Unclaimed assets bill halted, sponsor says needs more work

By John Breslin | Apr 30, 2018

SACRAMENTO – A bill designed to stop California businesses being penalized for holding unclaimed assets has been put on hold as its sponsor believes it needs more work.

SACRAMENTO – A bill designed to stop California businesses being penalized for holding unclaimed assets has been put on hold as its sponsor believes it needs more work.

Assembly Bill 2773 would create a voluntary disclosure agreement (VDA) program to allow those holding unclaimed property to reveal them to the state without being penalized.

Unclaimed assets, or property, includes payroll checks, refunds, accounts receivable, credit balances, bank accounts, customer over payments, money orders, traveler’s checks and insurance proceeds.

Under California law, if a business has assets or monies belonging to an individual that remain unclaimed for a set period of time, they have to be turned over to the state. The state then is obligated to find the individual and pass on the assets. 

The state controller's office estimates that around 900,000 filers in the state are not in compliance and that some $12 billion in monies and assets should have been sent to the state.

Businesses must hand over those assets and property to the state after three years. It is then up to the state to find and reimburse individuals or companies. Companies face penalties of 12 percent per annum for every year of non-compliance.

Assemblyman Dante Acosta (R-Santa Clarita) introduced a bill this year designed to allow companies to return assets without facing those penalties.

"I proposed AB 2773 after a conversation with a constituent who is an accountant in my district," Acosta told the Northern California Record.

Acosta added, "The bill would create a Voluntary Disclosure Agreement (VDA) program similar to what a number of other large states such as Texas, New York and Pennsylvania have. By creating the VDA program, small businesses could apply to the program and, if accepted, send all unclaimed property without facing penalties.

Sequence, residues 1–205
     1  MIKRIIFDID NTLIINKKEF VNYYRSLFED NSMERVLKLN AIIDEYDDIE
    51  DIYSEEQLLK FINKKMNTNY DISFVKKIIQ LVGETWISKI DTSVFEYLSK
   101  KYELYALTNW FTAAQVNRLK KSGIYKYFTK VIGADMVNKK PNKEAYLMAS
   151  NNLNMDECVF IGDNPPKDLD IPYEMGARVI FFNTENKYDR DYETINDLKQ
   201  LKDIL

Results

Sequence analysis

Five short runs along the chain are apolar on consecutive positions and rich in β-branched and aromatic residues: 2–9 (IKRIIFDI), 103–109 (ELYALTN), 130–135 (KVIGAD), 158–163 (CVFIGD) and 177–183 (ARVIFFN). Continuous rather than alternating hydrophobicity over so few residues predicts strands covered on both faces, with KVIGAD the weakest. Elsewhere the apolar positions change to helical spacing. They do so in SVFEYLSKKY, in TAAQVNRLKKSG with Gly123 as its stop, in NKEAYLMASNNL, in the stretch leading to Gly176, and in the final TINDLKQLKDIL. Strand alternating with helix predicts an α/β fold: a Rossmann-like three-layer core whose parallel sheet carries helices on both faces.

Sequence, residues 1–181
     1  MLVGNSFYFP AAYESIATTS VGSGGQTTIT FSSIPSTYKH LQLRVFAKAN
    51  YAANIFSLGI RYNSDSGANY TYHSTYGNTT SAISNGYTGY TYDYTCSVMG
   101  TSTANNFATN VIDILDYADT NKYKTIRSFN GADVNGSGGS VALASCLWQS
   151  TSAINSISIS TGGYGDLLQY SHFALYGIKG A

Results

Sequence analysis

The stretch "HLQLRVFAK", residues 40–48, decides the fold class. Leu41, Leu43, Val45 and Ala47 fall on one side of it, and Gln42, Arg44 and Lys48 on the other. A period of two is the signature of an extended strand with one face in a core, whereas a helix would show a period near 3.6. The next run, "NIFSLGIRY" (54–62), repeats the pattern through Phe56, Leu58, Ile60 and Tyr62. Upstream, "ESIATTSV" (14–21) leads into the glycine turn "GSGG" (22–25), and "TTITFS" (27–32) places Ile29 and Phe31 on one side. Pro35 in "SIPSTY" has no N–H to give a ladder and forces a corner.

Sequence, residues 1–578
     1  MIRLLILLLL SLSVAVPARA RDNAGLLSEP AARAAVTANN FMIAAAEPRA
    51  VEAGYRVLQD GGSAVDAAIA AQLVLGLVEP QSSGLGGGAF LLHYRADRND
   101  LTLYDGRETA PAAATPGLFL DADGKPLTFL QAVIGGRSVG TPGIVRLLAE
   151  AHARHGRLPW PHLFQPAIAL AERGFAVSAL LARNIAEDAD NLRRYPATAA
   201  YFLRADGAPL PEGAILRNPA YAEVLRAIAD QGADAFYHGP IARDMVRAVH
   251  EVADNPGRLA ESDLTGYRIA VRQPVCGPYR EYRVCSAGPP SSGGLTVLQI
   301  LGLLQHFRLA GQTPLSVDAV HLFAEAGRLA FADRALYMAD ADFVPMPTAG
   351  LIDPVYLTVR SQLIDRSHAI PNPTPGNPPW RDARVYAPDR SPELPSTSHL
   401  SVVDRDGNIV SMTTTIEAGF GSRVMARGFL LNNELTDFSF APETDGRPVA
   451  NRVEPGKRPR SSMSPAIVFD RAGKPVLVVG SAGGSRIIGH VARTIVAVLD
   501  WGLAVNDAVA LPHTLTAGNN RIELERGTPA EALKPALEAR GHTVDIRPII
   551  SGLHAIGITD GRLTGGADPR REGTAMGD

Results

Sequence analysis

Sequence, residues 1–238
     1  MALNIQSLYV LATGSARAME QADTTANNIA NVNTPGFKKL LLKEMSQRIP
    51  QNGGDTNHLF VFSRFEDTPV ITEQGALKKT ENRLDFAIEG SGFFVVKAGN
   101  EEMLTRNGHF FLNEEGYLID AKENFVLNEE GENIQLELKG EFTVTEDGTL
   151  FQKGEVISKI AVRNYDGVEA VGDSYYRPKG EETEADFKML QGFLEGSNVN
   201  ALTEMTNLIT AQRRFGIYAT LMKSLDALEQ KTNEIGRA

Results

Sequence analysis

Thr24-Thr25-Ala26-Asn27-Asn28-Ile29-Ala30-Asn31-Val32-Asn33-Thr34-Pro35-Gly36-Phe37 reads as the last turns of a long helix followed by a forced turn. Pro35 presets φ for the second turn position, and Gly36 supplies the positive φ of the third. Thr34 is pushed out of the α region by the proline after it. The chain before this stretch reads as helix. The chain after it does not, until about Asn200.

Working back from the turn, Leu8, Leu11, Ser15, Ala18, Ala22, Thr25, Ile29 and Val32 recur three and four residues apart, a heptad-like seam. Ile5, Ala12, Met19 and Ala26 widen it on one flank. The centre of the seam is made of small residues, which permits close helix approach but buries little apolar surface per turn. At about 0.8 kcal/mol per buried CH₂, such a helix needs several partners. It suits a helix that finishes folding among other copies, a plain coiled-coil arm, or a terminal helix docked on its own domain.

"The bill also says the state would review 10 years of the business’ records to 'ensure there are no other problems that need to be addressed,'" Acosta said. "This would ensure that bad actors who are purposefully trying to avoid their duty to the state are not allowed to avoid penalties and interest.

“I decided to pull the bill for this year because there is still much work to be done to craft a system that works for both the controller’s office and private industry," he said. "I’m a big believer in crafting legislation that is done right, not just done quickly, so we will continue working on this issue and I look forward to putting a bill forward in the coming year that helps businesses across the state come into compliance without unnecessary and punitive penalties.”

When a law covering unclaimed property was first passed in 1959, anything more than 15 years was deemed as unclaimed. This was reduced to the current three years in 1990.

In the year ending June 30, 2017, the end of the fiscal year, $313 million out of $765 million collected was returned to individuals and some $399 million was sent to the general fund, according to the state controller's office, according to Town Hall. 

About 95 percent of the unclaimed property is cash, according to a report in the Sacramento Bee in an article published last year. Unclaimed property represents the state’s fifth-largest source of general fund revenue.

Some critics suggest putting unclaimed property and assets into the general fund amounts to a Ponzi scheme. The argument is that the state is putting money owed to others into the general fund, but doing nothing to cover the amount unclaimed and that there is an ulterior motive to doing so.

In an op-ed published by Town Hall, accountant Bruce Bialosky wrote, "Since California is running a budget deficit and has unfunded pension debt of over $100 billion, how motivated are public employees to get more of this money to the rightful owners since those funds would either decrease their revenue source or have to be paid out of the general fund?

"If there was actually a better notification of the rightful owners, then the state would have to cough up money they don’t have or wait to take it from some other unclaimed property. The money in the unclaimed property fund has even less than the social security fund. At least with the social security fund they put IOUs in the fund. Here they do nothing.

"The Unclaimed Property Fund in California has turned into a Ponzi scheme and this is being replicated in states across the country. Keep an eye on your assets. Don’t let these thieves steal it."

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